Subaru World Rally Team vector logo
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About Subaru World Rally Team
The Subaru World Rally Team (SWRT) was Subaru’s World Rally Championship (WRC) team. It used a distinctive blue with yellow color scheme that is a throwback to the sponsorship deal with State Express 555, a BAT cigarette brand popular in Asia. 555 logos were found on Subaru cars from 1993 to 2003. Subaru’s WRC efforts date back to 1980, however, the team, in its current form, has existed since 1989, when the British firm Prodrive took over its operations, and its base moved from Japan to Banbury, England.
Subaru used the team to showcase its Symmetrical all wheel drive technology. It has credited the increased sales of its vehicles, especially the Subaru Impreza, with its success in the World Rally Championship, in addition to popularizing its all-wheel-drive system.
Its 2008 season drivers were Petter Solberg with co-driver Phil Mills, and Chris Atkinson with co-driver Stéphane Prévot. David Richards was the team’s Principal, and a founder and chairman of Prodrive. Paul Howarth was the team’s operations director and team manager. He replaced David Lapworth in 2006. Richard Taylor is the team’s managing director.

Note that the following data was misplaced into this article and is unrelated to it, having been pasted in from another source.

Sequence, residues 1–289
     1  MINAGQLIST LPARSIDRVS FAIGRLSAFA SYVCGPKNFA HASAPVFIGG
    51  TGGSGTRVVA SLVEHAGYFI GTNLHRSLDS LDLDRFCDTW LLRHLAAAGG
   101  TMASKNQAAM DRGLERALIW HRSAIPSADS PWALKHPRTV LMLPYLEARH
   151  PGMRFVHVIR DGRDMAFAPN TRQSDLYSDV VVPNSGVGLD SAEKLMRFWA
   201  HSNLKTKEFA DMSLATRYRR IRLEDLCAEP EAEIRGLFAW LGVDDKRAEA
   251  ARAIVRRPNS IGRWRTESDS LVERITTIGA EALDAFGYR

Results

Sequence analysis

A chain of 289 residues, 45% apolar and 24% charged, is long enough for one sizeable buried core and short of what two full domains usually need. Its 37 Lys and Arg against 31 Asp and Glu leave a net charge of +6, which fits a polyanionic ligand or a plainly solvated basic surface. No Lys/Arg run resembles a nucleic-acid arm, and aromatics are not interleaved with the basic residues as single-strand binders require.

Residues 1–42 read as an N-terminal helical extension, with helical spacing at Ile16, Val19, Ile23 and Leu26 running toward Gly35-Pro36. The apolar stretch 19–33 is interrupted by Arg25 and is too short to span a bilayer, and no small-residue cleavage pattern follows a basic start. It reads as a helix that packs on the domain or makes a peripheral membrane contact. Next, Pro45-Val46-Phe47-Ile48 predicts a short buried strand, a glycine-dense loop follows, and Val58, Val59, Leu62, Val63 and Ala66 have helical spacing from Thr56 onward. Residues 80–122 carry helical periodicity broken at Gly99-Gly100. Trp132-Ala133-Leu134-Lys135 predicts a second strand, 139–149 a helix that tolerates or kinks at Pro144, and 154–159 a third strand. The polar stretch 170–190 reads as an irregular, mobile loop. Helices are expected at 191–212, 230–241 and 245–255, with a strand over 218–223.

The team was historically an extremely strong one, competing in the WRC longer than any other manufacturer team in their current form. It has won the manufacturers’ championship three times, in (1995, 1996, and 1997), and the drivers’ championship three times, in 1995, 2001, and 2003. The team’s performance since the 2005 season, when Petter Solberg secured second position in the driver’s championship, has been far lower than expected and the subject of much criticism. The team’s 2006 season, one that has been described as “disappointing” by Richard Taylor, was the subject of a Discovery Channel series called Engineering the World Rally which aired in 2007. The 2007 season was little better, and called the “second season from hell” by Phil Mills. The team withdrew from WRC competition at the end of the 2008 season due to widespread economic downturn.